Because most philosophies that frown on reproduction don't survive.

Saturday, March 21, 2015

The Great War, Vol 1, Chapter 9-2

Second of four installments of Chapter 9. I'll post some historical notes later today or tomorrow in relation to the events in the chapter. The next installment should be up by Tuesday night.

Sint-Truiden, Belgium. August 19th, 1914. For a seemingly endless minute, undirected fear gripped the soldiers in the street. Some took cover against the walls of the buildings, some ran from imagined threats, some fired, some held back. Walter could see no sign of who, if anyone, was attacking them. But how easy would it be for an attacker to hide within a building, fire a shot from a window, and disappear into the dim recesses of an upstairs room until ready to shoot again?

Leutnant Weber stepped out into the middle of the street, drawing his sword. “Korporalshaft 5 and 6, take cover against the buildings. If you see anyone shooting from the windows, fire upon them. Korporalshaft 7 and 8, follow me. Sergeant Zimmerman, your Korporalshaft 7 is to watch the windows to the left. Sergeant Breiner, Korporalschaft 8, the windows to the right.”

The leutnant walked slowly down the street towards the place where the panic had broken out, not looking back to see whether he was followed.

Nine days since getting off the trains and it was their first action. Walter felt a mix of fear and pounding excitement, but also a sense of unreality. It was so very like a training exercise, the officer walking slowly down the street with his sword drawn and the two lines of soldiers forming up behind him, rifles at the ready.

Fabel’s gruppe was the second gruppe of Korporalshaft 7. The first gruppe formed up behind Leutnant Weber’s left shoulder, Sergeant Zimmerman walking next to the gefreiter at the head of the line. Gefreiter Fabel, Walter, Franz, Alfred, Georg and the other four men of the second gruppe had all stepped out as well, and they followed first gruppe down the street. Walter shifted his grip on his rifle, trying to settle the butt into his shoulder and scanning the windows to the left, looking for a deeper shadow in the darkness or a movement of the curtains. He could feel his heart pounding, and there was a slight trembling in his hands which caused the front sight of the rifle to dip and bounce against the buildings as he moved along. No movement at the upstairs windows.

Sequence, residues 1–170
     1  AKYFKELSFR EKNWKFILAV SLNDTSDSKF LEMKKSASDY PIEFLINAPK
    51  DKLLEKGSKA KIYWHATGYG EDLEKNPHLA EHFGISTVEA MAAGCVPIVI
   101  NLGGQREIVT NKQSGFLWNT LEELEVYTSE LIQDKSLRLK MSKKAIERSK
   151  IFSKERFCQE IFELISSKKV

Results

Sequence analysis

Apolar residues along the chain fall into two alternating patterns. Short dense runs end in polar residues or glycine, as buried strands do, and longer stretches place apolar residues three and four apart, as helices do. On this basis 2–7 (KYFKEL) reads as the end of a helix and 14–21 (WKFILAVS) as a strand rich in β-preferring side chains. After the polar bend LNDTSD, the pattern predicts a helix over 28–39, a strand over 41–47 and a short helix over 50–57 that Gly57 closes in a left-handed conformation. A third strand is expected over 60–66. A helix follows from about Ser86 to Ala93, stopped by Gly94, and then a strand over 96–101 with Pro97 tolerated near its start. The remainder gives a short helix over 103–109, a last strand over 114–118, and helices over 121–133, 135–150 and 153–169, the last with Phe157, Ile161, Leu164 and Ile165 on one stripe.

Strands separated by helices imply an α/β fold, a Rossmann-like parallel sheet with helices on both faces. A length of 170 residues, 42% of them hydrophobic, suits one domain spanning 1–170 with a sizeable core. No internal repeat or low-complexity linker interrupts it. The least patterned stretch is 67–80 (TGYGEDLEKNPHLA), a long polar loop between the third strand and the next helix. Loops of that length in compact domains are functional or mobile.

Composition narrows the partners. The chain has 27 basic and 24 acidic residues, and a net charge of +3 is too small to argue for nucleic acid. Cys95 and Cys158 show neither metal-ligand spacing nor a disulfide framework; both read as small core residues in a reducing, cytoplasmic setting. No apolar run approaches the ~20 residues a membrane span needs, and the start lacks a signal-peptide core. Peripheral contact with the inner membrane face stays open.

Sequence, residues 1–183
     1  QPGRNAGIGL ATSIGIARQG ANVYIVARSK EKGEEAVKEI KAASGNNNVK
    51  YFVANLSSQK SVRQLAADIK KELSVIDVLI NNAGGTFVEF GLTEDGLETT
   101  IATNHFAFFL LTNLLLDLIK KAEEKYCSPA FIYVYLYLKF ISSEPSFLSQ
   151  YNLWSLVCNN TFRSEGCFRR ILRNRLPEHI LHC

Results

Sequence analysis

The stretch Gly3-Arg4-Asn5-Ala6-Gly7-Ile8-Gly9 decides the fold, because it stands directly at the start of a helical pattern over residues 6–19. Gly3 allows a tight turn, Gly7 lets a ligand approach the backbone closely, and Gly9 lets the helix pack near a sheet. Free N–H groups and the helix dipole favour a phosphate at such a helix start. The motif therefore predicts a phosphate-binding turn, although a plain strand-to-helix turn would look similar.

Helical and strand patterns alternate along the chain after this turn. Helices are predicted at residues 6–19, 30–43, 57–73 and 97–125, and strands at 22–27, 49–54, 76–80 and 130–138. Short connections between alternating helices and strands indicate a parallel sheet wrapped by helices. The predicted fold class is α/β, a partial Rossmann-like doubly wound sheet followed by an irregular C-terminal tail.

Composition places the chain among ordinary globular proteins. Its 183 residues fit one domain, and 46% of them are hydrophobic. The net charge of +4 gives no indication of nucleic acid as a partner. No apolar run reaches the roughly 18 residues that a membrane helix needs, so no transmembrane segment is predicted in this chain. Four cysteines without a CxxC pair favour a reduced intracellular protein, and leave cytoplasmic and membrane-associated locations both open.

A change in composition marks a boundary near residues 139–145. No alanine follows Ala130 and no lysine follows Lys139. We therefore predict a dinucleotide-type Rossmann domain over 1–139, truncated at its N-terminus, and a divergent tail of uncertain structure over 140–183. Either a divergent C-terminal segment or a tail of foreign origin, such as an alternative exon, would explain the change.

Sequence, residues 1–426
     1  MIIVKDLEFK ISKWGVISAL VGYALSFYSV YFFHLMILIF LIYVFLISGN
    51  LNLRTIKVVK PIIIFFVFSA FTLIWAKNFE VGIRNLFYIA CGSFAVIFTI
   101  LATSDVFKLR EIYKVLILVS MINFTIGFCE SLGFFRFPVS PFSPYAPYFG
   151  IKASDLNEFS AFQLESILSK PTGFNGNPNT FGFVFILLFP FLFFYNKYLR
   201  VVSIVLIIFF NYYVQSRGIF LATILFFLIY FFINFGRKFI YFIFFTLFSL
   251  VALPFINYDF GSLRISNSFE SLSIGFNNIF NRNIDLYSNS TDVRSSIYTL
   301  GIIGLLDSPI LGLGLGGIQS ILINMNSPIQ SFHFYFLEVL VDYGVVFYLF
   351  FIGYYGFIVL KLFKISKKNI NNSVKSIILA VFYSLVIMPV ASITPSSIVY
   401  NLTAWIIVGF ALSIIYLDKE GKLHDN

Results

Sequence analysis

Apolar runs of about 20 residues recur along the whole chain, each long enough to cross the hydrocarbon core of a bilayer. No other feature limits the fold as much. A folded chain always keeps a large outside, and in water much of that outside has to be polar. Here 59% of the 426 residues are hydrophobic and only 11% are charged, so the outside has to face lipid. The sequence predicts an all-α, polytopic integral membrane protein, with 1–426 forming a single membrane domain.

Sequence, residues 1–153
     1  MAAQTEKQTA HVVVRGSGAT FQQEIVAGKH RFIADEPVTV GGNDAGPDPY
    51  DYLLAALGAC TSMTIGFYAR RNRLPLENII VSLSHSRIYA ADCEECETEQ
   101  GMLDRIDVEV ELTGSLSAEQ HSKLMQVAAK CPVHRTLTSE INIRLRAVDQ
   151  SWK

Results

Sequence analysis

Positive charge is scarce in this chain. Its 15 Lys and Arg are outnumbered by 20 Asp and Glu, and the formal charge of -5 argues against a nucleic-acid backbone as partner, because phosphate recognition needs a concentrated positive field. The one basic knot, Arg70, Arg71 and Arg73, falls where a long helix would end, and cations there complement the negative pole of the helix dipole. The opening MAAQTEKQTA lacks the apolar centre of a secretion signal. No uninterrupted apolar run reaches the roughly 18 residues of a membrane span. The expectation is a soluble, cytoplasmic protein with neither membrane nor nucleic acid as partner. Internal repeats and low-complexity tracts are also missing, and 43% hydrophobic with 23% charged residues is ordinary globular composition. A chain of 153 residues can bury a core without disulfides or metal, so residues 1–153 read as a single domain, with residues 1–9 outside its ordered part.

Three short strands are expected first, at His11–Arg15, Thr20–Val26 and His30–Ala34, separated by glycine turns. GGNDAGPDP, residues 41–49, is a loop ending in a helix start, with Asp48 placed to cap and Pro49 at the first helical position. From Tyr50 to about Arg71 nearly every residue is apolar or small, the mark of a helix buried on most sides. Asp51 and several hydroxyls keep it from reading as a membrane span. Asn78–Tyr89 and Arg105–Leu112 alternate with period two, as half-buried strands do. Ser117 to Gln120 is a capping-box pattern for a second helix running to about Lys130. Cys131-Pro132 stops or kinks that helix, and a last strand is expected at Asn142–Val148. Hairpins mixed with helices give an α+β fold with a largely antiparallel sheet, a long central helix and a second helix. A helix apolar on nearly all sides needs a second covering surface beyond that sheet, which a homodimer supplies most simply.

They advanced down the street, an overwhelming force. The officer leading thirty-eight men men, half focused on each side of the street. They crossed the intersection and reached the place in the block where 1st Zug had scattered on being shot at. Leutnant Forstner stepped out of the doorway in which he’d taken cover and came to stand by Leutnant Weber.

“Well?” asked Leutnant Weber.

“I heard shots. It must have been from one of the windows.” He looked around. “No one is hurt, but I know that I heard shots.”

Leutnant Weber nodded. “Which house?”

The narrow brick row houses stood three stories high, sometimes a storefront with its plate glass windows on the bottom floor, sometimes an ordinary residence with paned windows framed by shutters and a painted wooden door.

Leutnant Forstner looked up and down the block. “I don’t know. But I heard shots.”

“Well, let’s search house to house, then.”

Luetnant Forstner called the men of First Zug to form up, embarrassed to see them still cowering in doorways when Second Zug had come in good order to protect them, and he ordered his gruppe to search each house. They began pounding on doors. If a civilian opened the door, he or she was ordered out into the street while soldiers pushed in to search the house. Doors that were not answered were broken down. As the houses were systematically emptied a growing crowd of civilians stood in the middle of the street, grumbling quietly among themselves in Flemish as they watched the German soldiers search the houses.

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